It comes down to a case of he said/she said, but what she says is very powerful, and somewhat substantiated by the observations of numerous others who saw Allen interact with Dylan as a child. So where do we draw the line? As movie-goers but, more importantly, as mothers of children who we’d give our lives to protect. Where do we draw the line? I hear you, we don’t know for sure what happened, but as Nicholas Kristof points out in the New York Times:
“Look, none of us can be certain what happened. The standard to send someone to prison is guilt beyond a reasonable doubt, but shouldn’t the standard to honor someone be that they are unimpeachably, well, honorable? Yet the Golden Globes sided with Allen, in effect accusing Dylan either of lying or of not mattering. That’s the message that celebrities in film, music and sports too often send to abuse victims. ‘I know it’s he said, she said,” Dylan told me. ‘But, to me, it’s black and white, because I was there.'”
At the very least, don’t we owe it to Dylan Farrow to not drool all over Woody Allen like he’s a living legend? Shouldn’t our standard of “celebrating” someone include the caveat that they not be accused of molesting children? I’ve had “Blue Jasmine” sitting on my countertop for two days as I’ve tried to find time, between mopping up after sick kids, to watch it. I choose not to watch it. Not now, not ever. If watching a Woody Allen movie somehow steals another chunk from Dylan Farrow’s already tortured soul I proclaim here and now that I will never watch another Woody Allen movie ever again, starting with the Red Box DVD of “Blue Jasmine” sitting in my kitchen right now.
Dylan Farrow, I support you. More people, especially Hollywood celebrities, should do the same by — at the very least — not tripping all over themselves to kiss the ass of a man who is accused by his daughter of molestation. The cards are all on the table now, and this year’s Academy Awards will be interesting. It’s important that we don’t sweep Dylan Farrow’s accusations under the rug as we have in the past because, guess what Cate Blanchett? Dylan is watching. Yet this time she won’t let Diane Keaton’s silly fan girl antics hurt her. As she tells Nicholas Kristoff in the Times:
“This time, I refuse to fall apart. For so long, Woody Allen’s acceptance silenced me. It felt like a personal rebuke, like the awards and accolades were a way to tell me to shut up and go away. But the survivors of sexual abuse who have reached out to me — to support me and to share their fears of coming forward, of being called a liar, of being told their memories aren’t their memories — have given me a reason to not be silent, if only so others know that they don’t have to be silent either.”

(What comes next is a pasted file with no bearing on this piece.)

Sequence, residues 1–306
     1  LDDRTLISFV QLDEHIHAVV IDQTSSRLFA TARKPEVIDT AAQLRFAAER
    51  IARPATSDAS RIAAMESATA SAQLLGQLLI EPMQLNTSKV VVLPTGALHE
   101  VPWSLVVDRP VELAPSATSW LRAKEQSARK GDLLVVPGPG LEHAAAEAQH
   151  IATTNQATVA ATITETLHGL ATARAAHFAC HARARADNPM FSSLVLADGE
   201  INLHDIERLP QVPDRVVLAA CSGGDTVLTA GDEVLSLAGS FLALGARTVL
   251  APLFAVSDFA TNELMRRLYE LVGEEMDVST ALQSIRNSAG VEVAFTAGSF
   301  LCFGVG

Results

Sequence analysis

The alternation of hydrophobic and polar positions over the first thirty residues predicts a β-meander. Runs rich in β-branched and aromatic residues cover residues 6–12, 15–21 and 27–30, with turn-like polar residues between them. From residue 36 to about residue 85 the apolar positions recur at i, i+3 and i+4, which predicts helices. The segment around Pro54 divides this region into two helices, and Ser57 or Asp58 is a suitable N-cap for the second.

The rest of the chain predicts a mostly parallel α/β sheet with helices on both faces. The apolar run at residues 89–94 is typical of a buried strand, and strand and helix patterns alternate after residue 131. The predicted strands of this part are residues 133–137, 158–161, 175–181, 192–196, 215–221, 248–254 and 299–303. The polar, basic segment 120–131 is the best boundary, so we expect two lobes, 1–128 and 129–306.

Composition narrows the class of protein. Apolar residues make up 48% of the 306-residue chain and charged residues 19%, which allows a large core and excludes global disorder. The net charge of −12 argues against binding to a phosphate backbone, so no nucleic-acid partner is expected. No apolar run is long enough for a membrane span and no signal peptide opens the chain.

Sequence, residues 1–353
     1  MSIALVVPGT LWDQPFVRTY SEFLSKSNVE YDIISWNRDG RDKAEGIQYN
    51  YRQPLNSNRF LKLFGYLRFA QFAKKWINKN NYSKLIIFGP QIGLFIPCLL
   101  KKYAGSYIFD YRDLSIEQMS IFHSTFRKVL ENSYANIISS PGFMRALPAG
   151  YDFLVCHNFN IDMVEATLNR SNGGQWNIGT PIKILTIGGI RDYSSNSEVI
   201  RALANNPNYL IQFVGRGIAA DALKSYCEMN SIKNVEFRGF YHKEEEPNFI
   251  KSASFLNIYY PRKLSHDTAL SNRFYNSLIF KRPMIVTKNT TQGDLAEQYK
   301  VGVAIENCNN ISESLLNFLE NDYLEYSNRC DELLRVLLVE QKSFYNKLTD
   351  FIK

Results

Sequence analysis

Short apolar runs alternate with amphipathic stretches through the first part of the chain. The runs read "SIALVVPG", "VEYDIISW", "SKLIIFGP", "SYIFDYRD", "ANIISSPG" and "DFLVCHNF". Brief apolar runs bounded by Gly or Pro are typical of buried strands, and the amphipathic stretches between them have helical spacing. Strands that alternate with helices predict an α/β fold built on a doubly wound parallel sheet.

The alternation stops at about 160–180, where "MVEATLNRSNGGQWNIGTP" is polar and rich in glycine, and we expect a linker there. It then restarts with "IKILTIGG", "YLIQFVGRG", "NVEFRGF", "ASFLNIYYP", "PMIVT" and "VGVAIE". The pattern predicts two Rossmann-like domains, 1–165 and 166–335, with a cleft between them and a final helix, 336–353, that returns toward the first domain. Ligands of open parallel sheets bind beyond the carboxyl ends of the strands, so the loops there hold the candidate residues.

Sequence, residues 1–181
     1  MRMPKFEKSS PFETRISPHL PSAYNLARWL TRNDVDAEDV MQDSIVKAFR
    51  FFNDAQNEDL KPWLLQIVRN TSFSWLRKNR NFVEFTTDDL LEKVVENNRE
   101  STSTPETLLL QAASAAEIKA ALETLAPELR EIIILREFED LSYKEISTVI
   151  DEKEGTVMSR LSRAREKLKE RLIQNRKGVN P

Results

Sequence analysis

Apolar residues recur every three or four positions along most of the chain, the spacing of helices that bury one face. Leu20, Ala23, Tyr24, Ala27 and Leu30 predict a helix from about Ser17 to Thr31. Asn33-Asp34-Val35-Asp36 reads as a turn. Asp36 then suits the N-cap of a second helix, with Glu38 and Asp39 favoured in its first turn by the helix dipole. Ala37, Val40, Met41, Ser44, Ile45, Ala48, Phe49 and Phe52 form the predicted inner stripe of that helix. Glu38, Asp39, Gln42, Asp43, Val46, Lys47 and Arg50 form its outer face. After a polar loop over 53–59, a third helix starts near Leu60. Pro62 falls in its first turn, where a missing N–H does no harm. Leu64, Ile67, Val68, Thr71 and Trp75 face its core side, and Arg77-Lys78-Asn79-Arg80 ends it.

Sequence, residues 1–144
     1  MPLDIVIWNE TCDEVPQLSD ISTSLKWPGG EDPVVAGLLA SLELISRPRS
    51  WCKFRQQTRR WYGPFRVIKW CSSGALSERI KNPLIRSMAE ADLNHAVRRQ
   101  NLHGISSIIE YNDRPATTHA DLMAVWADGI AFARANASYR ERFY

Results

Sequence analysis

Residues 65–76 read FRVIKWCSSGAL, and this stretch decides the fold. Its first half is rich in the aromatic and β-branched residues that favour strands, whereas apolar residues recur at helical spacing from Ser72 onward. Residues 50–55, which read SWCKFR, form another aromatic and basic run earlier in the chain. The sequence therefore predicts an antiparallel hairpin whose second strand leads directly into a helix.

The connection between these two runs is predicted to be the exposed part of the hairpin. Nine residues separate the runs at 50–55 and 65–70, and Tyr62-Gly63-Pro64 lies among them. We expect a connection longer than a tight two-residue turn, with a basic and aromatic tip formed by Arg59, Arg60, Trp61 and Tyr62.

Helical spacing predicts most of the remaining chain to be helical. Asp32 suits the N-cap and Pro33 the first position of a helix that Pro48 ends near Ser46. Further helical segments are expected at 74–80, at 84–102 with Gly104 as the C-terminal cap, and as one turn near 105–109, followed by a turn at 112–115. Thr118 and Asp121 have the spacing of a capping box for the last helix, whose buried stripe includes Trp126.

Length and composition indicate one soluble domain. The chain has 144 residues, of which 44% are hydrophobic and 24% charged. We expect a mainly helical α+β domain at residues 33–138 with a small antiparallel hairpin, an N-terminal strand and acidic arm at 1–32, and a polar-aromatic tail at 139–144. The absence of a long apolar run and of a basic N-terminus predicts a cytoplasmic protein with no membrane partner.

The message I’d like to send as the mother of a beautiful 5-year-old girl is this: Enjoying a Woody Allen movie isn’t more important to me than Dylan Farrow. Technicalities are not more important than the thousands of other child abuse victims who might be afraid to come forward because they’re scared no one will believe them. If Hollywood doesn’t have the balls to call Allen to the carpet then it has to start with us, the people who watch the movies he makes, and the moms who raise daughters who deserve so much better than the treatment Dylan described in her letter.
Dylan Farrow’s first sentence in her open letter is: What’s your favorite Woody Allen movie? As Babble’s Sunny Chanel notes, that question is difficult for people to answer. Not for me. To answer Dylan’s question, I don’t have a favorite Woody Allen movie anymore, and I’ll never watch another one. But my favorite Woody Allen story is the one where Dylan Farrow triumphs over the man, the father, who almost ruined her. Her brave letter has already ignited a broader conversation about how we treat children and adults who come forward to tell their stories of sexual assault. I want them all to know that we are listening.
** And yes, before you inundate me with links, I have read Robert Weide’s piece in The Daily Beast. At best it’s a sentimentalized Woody Allen fan boy love letter (he still uses a typewriter and doesn’t know what Twitter is!) from an admitted friend of Allen’s who made a documentary about him that did not include the sexual molestation allegations. The article is disrespectful to a grown woman with absolutely nothing to gain by coming forward to outline in painful detail exactly what happened to her at the hands of her adopted father. Weide side-steps that issue at every turn or condescends to Dylan Farrow by saying he believes that she believes what happened to her but that she changed her story several times as a child when questioned over and over again. Weide chooses to split hairs by focusing on irrelevant facts like Soon Yi technically isn’t Allen’s stepdaughter or Mia and Ronan Farrow and their tweets about Allen. Weide’s piece is embarrassing and shameful and, as mentioned, condescending to a woman who was courageous enough to come forward in the face of so many like Weide who unquestionably laud Woody Allen and tell her story. Shame on him.
Related Reading: You, Me and Woody Allen